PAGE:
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Nail tech Jill-of-all-trades


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Nail tech Jill-of-all-trades

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ASHLEY SIMPSON IS a nail tech by day and a bartender by night.

At 25, the owner of Pink Ash Nail Spa in Bridgetown, is rebuilding her clientele after a break. Not only does she offer acrylics, gel polishes and the trendy bling nails embellished with diamantes and glitter, but she does 3D nail art and manicures.

The businesswoman told BARBADOS BUSINESS AUTHORITY she has been doing nails from 17 and recalled with laughter how her interest was piqued when she was a student at Parkinson Memorial Secondary.

“I always liked to get my nails done, but I couldn’t do them myself. When I was at school, my friends used to let me mash up their hands because I couldn’t do it good. I used to have the acrylic on top of their cuticle and they thought it looked real good but it looked real stink and I was very proud,” she recalled with laughter.

“Some of the same people I practised on when I first started still come to me now,” she added.

Her mother supported the decision paying for the first course at the Young Men’s Christian Association. Now that she has reopened Pink Ash, she has done refresher courses with different nail techs here but her intention is to enrol in a master class “before the year is over in New York or Miami”.

“I first opened my salon in 2011 in Canary Lane Mall but before that I used to work in different salons where I rented a station. I decided to open my salon because it was better to open my own business and rent on my own because . . . in the salons there was conflict among the hairdressers. It was impacting on my customers because they didn’t want that kind of drama.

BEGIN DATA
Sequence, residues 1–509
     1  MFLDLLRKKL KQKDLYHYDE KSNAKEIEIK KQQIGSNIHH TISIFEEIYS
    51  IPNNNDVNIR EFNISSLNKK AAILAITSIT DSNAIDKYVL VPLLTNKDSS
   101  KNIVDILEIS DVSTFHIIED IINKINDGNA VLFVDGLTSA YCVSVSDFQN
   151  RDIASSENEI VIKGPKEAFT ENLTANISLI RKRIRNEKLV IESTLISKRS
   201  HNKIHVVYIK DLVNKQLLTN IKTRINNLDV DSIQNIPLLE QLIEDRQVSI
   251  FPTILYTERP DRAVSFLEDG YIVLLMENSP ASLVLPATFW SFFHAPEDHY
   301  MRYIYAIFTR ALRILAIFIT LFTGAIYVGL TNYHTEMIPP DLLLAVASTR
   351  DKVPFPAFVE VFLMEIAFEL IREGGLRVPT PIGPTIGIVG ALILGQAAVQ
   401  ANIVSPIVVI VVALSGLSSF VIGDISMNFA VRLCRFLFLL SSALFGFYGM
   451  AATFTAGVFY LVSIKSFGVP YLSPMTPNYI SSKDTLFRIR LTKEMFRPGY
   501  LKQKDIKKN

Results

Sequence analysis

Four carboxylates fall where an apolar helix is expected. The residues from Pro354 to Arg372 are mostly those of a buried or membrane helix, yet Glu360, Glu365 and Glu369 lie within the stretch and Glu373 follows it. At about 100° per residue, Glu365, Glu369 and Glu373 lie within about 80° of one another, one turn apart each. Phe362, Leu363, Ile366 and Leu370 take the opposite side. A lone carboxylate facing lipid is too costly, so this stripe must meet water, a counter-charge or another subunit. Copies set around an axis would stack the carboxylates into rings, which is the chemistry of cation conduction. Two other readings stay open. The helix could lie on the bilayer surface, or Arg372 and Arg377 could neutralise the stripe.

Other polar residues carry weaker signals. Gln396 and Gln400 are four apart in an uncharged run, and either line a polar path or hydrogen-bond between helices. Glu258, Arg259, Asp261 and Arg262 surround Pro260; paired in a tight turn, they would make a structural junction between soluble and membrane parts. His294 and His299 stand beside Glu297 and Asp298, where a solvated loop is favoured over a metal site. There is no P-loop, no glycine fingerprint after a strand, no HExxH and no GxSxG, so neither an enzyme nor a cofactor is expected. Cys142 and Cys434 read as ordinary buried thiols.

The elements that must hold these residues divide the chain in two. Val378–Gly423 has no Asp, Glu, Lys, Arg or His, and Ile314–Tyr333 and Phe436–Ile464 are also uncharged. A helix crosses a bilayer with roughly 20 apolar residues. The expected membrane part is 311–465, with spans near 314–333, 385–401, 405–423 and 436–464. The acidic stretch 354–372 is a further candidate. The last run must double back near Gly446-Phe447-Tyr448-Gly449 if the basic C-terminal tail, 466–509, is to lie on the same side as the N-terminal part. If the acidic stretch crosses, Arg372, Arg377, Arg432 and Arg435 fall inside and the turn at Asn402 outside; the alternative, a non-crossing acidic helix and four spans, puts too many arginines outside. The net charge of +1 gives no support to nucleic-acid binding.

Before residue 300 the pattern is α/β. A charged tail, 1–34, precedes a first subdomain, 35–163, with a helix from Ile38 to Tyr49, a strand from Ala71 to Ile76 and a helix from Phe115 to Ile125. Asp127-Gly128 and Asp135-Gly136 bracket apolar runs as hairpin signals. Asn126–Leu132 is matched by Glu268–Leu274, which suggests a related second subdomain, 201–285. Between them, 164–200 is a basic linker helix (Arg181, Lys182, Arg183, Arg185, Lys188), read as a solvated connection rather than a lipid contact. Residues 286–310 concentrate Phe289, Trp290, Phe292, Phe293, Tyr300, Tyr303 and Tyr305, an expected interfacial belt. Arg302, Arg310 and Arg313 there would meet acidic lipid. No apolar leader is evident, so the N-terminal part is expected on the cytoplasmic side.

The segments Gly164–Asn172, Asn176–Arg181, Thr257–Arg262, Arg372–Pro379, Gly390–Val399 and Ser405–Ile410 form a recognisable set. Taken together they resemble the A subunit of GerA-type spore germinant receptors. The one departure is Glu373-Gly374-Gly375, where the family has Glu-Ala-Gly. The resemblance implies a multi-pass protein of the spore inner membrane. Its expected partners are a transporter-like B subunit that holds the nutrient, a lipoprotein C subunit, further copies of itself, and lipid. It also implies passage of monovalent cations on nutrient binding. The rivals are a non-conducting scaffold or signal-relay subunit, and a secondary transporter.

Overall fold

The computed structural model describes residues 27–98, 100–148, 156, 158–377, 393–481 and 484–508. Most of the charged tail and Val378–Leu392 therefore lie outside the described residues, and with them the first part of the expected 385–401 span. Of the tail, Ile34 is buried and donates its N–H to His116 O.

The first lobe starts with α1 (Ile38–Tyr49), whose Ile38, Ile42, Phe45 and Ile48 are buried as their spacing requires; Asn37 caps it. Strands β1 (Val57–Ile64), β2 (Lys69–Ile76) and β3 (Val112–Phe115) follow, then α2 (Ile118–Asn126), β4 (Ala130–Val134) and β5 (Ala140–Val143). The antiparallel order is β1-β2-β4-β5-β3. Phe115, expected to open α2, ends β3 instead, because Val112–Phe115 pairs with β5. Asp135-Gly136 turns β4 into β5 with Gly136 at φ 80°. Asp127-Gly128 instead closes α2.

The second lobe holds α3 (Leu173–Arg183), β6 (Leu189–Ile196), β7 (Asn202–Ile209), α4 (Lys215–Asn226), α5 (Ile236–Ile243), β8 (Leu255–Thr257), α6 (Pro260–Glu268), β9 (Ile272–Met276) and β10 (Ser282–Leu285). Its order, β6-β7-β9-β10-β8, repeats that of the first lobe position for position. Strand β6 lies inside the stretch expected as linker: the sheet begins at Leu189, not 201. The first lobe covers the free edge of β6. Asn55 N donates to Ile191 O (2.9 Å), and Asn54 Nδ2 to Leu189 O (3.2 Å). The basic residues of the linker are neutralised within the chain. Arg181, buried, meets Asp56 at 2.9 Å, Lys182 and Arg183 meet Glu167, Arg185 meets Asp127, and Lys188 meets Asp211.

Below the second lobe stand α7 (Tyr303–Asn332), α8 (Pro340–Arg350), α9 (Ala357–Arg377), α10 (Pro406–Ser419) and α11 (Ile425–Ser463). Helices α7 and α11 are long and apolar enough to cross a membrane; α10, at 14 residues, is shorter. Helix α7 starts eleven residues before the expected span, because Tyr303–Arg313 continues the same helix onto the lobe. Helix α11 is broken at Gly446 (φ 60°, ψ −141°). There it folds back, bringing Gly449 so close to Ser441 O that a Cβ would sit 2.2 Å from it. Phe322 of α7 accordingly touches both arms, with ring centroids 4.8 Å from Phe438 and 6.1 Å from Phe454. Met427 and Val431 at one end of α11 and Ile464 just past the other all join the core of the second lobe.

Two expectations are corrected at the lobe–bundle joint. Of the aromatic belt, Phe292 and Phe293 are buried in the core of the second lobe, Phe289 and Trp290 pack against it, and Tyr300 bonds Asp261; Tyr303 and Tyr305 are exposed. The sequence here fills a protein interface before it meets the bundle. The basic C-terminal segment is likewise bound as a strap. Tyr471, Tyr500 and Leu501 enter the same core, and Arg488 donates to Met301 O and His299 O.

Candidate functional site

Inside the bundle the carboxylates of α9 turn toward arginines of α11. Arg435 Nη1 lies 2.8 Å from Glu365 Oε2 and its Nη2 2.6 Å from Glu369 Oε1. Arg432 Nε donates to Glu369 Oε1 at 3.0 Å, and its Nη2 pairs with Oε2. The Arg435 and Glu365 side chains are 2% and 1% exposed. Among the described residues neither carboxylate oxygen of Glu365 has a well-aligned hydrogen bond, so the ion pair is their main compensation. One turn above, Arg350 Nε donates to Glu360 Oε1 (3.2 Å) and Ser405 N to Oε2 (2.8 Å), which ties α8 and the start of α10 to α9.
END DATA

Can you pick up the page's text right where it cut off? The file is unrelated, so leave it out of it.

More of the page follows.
“The confusion might not have necessarily been on your part of the salon but it reflected on you. I don’t like being uncomfortable when I’m going into a salon,” she asserted.

She closed the salon and worked with prescription glasses and diseases after her daughter was born. Concerns for her daughter’s health delayed getting back into the business full time.

Simpson said she had a few clients, some of whom where close to her, that she worked on from home but the others who asked she suggested colleagues in the profession.

After that, she went into bartending and mixology which she learnt through the course, the Art of Bartending.

“Now that I’ve reopened the salon, I do nails during the day and mixology at night at events . . . . I have some of the same people coming to me. I still have to build my clientele to get back where I want to be but I advertise to tell them I’m back and they are coming,” Simpson added.

Initially, she feared that balancing the various aspects of her life would be difficult but that has not materialised. She noted that as long as she has advance notice about a job in the evening she plans her nail appointments accordingly.

She opted to restart small because she did not want to incur any debt and used the money earned from bartending to open.

“Eventually, I’m looking to reopen a bigger space where I can have other people working with me, I want to expand and teach other people. My sister is doing a beauty course and I’m looking to bring her in because I’m going to start pedicures from [this] week. I have a half price special and that is to build me up and let people know I’m back out here.”

To keep up on the latest trends, she watches tutorials on YouTube, as she said “anything you want to learn you can learn on YouTube”. She however bemoaned the high cost of the equipment and polishes and lamented the customs duties on items she ships from the United States.

Despite that, she loves being a nail technician and her advice to teenagers and others looking to get into the profession is this: “When I first started, there weren’t a lot of nail techs but now I’m back you have to do so much to build yourself because there’re so many people in the same field. My advice is to go out there and learn and get your techniques correct. Once it is something that you love you can make it. Start small but know the sky is the limit,” Simpson said. (GBM)

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